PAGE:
In addition, older patients, those with a so-called non-ST-segment elevation heart attack and those with other medical conditions, such as lung disease, were less likely to be referred for cardiac rehabilitation, Fonarow's group noted.
"This is a missed opportunity to impact the care of these patients," study author Dr. Todd M. Brown, an assistant professor of medicine at the University of Alabama at Birmingham, said. "Physicians need to be educated about the importance of cardiac rehabilitation and emphasize to their patients the need to attend."
Fonarow thinks that new efforts are needed to get doctors to refer patients to cardiac rehab.
"Increased physician awareness regarding the clinical benefits of cardiac rehabilitation and new initiatives to overcome barriers to referral are critical to improve the quality of care and outcomes for patients with coronary artery disease," Fonarow said.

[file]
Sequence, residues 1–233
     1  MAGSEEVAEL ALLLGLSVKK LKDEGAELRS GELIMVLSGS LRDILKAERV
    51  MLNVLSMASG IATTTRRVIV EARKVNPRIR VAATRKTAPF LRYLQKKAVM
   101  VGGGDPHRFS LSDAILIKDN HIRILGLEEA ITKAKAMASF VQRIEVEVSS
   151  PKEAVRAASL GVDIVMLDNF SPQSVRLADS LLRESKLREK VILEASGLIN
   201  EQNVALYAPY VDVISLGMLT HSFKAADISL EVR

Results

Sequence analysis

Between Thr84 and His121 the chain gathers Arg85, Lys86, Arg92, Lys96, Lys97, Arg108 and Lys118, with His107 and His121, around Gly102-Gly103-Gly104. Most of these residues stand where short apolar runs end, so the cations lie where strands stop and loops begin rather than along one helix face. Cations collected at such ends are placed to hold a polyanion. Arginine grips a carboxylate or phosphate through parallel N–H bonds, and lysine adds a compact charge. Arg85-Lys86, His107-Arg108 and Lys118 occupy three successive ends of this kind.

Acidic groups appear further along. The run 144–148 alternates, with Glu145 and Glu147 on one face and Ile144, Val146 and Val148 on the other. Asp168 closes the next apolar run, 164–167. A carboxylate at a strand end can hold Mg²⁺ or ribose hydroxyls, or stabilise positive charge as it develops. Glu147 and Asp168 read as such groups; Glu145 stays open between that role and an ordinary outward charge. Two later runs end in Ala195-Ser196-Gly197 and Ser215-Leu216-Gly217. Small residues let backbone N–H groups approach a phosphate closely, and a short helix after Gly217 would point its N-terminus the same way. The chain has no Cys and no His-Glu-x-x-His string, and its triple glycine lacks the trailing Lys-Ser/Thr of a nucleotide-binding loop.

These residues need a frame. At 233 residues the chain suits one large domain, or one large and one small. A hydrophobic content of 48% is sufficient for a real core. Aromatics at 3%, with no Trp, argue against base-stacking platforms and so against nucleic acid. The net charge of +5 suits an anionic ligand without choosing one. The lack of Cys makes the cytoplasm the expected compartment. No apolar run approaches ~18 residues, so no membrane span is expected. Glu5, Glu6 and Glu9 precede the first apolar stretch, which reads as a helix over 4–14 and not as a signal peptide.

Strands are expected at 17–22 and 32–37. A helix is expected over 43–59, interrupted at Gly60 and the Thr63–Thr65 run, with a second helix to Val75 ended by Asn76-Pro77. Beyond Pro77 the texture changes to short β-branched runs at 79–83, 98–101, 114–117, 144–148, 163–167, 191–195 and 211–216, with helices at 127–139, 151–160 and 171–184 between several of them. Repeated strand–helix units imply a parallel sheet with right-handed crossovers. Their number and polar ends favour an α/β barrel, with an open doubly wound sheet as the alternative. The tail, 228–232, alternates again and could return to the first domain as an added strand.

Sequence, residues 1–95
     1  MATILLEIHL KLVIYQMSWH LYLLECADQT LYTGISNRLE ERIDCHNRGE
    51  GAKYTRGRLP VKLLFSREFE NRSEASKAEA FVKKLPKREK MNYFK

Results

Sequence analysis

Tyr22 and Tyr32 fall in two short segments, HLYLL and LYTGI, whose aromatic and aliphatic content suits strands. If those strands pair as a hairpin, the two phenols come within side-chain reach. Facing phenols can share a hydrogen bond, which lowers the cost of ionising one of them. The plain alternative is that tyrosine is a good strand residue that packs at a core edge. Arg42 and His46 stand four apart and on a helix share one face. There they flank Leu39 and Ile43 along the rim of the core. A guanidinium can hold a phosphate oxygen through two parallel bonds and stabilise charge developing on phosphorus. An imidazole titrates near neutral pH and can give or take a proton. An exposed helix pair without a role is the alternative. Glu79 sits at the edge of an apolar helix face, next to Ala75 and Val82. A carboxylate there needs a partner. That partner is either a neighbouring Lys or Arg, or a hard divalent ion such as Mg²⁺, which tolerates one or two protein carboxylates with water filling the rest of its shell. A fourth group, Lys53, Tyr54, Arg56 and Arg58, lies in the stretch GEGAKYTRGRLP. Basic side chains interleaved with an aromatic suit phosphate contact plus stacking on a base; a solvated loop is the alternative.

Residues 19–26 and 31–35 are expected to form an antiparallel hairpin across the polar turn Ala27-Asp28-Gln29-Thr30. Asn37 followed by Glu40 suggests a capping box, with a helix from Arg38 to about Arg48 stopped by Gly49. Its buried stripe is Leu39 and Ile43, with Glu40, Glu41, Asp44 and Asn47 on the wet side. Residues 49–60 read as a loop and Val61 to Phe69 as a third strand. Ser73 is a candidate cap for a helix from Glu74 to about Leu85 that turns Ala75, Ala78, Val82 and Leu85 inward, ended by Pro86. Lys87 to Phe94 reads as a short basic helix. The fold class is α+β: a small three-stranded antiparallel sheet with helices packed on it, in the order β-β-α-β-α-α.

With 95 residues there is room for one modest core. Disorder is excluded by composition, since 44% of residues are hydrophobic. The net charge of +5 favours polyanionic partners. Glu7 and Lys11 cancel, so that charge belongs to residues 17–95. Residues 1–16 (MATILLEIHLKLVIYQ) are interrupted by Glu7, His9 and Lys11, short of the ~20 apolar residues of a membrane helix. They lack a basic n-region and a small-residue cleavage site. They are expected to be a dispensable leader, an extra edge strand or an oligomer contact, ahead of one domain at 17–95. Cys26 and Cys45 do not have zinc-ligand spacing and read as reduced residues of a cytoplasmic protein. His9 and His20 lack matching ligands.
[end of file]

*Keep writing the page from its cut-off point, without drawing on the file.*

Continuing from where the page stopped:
Dr. Byron Lee, an associate professor of cardiology at the University of California, San Francisco, says that cardiac rehabilitation can be just as effective in preventing another heart attack as the drugs these patients take.
"It is shameful how physicians underutilize cardiac rehabilitation in the United States," Lee said. "We emphasize expensive drugs and interventions, when a simple rehabilitation program can do just as much, if not more, to reduce the risk of death and recurrent heart attack," he said.
For more information on cardiac rehabilitation, visit the American Heart Association.
SOURCES: Gregg C. Fonarow, M.D., professor, cardiology, University of California, Los Angeles; Todd M. Brown, M.D., as
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